Netflix is urging the Federal Communication Commission to reject AT&T's $48.5-billion purchase of satellite TV company DirecTV unless revisions are made.
The video streaming giant, in a letter dated Monday, said the deal in its current form could potentially hurt online video distributors such as Netflix and Hulu.
Representatives from Netflix also met with FCC officials last week to raise its concerns of what the combined power of the companies could yield.
AT&T is the second-largest U.S. wireless carrier, while DirecTV is the second-largest pay-TV provider. Should the acquisition go through, it would make it the country's largest pay-TV provider with extensive broadband reach.
“AT&T’s investment in a business model that profits by selling bundled programming packages will result in a powerful incentive to protect that model," Netflix wrote in its letter.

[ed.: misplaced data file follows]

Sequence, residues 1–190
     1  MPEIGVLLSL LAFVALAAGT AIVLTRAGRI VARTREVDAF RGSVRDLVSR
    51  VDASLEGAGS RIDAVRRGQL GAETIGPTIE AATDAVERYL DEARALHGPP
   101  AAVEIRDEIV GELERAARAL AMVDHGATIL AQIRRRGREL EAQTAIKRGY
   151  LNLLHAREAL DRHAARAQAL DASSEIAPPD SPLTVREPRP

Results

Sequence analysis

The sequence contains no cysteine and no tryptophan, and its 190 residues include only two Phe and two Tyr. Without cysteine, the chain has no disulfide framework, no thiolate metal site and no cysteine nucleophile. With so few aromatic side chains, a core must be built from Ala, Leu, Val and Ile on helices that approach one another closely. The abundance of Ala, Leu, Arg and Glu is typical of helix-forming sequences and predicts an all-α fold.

It could result in an attempt to slow down cord-cutting, according to Netflix, by implementing data caps or usage-based pricing that would put Netflix at a disadvantage.
That's not to say Netflix, which has been active in the government's review of the deal, is opposed to the acquisition in principle.
"While we are participating in the government's review, we are not opposing the merger," Netflix spokeswoman Anne Marie Squeo said in a statement on Tuesday. "We've been highlighting concerns about AT&T's broadband practices and the need for appropriate remedies since last September."
This isn't the first time Netflix has raised concerns about a mega-acquisition. The company spoke out against Comcast's proposed $45-billion purchase of Time Warner Cable, which would have combined the two largest cable companies in the U.S. Comcast ultimately called off the deal.
AT&T declined to comment on Netflix's letter. The company agreed to purchase the El Segundo-based satellite giant last spring for $48.5 billion. The companies expect the deal to close by the end of June.
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